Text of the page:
ANC wants stokvels, taxi associations and burial societies to own Reserve Bank

22 January 2019 - 16:25 By Zingisa Mvumvu
'Currently the Reserve Bank is 60% owned by foreigners, so whatever comes as revenue or shares growth from the bank goes to international people who may not help us to grow the economy internally,' says ANC acting spokesperson and national executive committee member Dakota Legoete.
'Currently the Reserve Bank is 60% owned by foreigners, so whatever comes as revenue or shares growth from the bank goes to international people who may not help us to grow the economy internally,' says ANC acting spokesperson and national executive committee member Dakota Legoete.
Image: Supplied

The ANC wants the SA Reserve Bank to be owned by, among others, stokvels, taxi associations and burial societies.

This was stated by ANC acting spokesperson and national executive committee member Dakota Legoete during the party's post-annual lekgotla press briefing at Luthuli House on Tuesday, as debate around "nationalisation" of the central bank rages on.

Legoete echoed both President Cyril Ramaphosa and ANC secretary-general Ace Magashule on their individual takes on the issue, saying there was no contradiction as the former had addressed independence of the bank while the latter had addressed ownership - two issues that could not be conflated.

According to Legoete, nationalisation of the Bank was going to happen - but the Bank would keep its independence.

"By public ownership of the Reserve Bank we mean that that public investment companies like the PIC, the IDC, like stokvels that we have, like agricultural unions, like taxi associations, individual burial societies, through a share scheme to get access to the Reserve Bank so that whatever we get as income and revenue must first and foremost help South Africans," said Legoete.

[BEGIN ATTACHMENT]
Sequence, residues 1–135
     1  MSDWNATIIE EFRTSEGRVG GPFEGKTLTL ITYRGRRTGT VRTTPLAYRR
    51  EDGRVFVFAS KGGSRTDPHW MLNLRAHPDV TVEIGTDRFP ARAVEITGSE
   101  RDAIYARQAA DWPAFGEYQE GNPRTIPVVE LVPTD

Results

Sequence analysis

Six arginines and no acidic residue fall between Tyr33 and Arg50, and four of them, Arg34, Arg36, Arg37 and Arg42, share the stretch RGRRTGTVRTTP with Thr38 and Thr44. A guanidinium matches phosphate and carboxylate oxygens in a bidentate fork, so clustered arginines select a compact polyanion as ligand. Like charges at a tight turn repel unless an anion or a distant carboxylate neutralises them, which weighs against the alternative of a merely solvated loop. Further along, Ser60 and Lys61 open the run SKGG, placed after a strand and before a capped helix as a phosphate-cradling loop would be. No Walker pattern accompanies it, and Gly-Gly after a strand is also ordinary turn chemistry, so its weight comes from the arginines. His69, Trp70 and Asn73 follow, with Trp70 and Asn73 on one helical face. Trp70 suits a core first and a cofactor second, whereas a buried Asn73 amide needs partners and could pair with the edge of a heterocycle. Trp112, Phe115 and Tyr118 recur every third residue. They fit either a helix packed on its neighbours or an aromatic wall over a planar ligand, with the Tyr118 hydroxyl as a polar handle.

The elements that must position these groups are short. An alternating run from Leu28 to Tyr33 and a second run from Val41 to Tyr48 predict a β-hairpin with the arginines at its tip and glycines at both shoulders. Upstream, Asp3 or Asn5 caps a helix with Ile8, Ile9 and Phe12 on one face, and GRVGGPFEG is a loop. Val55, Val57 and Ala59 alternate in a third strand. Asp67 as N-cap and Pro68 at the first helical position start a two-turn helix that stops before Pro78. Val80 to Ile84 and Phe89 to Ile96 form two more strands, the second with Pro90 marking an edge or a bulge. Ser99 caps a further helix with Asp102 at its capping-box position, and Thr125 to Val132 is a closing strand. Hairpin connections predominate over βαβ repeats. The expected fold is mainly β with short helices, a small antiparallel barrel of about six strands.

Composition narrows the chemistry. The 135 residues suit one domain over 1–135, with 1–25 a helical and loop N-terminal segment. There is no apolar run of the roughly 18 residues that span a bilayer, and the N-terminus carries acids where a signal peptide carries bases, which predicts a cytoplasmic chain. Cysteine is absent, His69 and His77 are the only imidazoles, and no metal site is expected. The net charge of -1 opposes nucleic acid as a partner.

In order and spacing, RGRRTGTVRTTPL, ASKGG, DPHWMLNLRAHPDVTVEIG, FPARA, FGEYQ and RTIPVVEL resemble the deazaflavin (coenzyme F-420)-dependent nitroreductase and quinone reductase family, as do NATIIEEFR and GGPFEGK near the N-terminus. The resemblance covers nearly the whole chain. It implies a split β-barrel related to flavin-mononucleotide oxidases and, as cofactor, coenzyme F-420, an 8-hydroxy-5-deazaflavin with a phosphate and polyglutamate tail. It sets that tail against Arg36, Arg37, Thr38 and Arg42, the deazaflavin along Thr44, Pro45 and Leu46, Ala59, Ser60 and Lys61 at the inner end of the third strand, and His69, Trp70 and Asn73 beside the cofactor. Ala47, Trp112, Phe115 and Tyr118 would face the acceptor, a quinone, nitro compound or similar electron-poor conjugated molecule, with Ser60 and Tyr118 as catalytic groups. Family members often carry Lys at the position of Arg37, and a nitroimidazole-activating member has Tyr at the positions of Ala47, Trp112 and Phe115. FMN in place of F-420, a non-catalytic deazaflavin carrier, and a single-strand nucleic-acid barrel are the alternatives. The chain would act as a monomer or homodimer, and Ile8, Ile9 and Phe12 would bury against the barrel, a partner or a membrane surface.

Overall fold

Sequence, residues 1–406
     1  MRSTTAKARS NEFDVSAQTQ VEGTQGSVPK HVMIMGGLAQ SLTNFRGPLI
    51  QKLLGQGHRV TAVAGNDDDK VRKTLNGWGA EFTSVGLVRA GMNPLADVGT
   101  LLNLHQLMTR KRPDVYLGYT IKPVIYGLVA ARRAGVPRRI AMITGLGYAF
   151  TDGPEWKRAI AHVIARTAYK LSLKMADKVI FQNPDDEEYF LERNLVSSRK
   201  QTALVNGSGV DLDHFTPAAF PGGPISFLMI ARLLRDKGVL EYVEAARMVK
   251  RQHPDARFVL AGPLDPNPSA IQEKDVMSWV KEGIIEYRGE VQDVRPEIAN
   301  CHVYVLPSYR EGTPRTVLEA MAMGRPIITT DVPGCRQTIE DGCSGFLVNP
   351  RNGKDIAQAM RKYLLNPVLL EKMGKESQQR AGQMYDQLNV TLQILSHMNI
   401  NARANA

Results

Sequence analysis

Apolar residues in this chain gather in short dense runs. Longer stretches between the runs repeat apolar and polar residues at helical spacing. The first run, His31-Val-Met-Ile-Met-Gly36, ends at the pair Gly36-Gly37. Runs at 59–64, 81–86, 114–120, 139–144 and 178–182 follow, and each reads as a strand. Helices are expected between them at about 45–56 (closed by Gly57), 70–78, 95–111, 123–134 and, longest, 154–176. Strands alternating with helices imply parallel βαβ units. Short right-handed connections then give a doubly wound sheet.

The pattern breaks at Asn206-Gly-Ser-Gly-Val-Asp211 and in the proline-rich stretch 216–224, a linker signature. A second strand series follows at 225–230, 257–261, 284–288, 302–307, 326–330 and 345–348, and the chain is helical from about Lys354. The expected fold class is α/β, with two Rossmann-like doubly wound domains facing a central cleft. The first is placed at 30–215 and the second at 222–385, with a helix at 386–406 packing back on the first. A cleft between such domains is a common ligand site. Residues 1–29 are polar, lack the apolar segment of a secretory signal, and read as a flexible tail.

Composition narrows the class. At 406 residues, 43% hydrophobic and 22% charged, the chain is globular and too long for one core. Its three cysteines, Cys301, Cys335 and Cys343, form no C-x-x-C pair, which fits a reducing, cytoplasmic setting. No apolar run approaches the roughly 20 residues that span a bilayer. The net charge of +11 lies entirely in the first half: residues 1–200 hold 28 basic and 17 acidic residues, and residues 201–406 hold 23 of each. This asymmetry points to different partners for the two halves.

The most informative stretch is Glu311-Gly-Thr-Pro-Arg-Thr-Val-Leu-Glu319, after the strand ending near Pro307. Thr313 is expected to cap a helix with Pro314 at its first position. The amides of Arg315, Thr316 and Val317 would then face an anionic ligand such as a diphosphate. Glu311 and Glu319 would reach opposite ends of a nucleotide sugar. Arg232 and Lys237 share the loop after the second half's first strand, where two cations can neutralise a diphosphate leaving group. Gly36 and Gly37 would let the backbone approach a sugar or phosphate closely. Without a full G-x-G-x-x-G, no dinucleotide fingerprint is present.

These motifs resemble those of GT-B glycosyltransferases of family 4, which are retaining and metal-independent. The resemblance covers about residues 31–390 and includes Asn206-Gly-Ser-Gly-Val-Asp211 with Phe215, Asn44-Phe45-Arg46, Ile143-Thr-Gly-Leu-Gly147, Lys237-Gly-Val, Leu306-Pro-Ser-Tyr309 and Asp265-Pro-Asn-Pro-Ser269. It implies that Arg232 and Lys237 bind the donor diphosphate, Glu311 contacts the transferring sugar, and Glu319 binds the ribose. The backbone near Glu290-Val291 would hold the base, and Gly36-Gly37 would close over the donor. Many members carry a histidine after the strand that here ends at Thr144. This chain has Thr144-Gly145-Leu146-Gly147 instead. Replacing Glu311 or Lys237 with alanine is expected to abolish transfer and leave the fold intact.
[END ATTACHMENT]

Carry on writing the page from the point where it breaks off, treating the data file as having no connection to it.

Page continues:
"Currently the bank is 60% owned by foreigners, so whatever comes as revenue or shares growth from the bank goes to international people who may not help us to grow the economy internally - even though we accept direct foreign investment - but to a certain extent we must talk about South Africans owning their own public assets as part of us broadening economic participation and economic ownership."

Legoete said this would change economic ownership patterns drastically in favour of the majority.

"Currently, as it is, we tax less than 10% of South Africans, who must pay for the social responsibility of more than 90%. The 90% by and large are consumers and not owners of means of production, so industrial and power relations need to change in the economy if we are serious about radical economic transformation," added Legoete.


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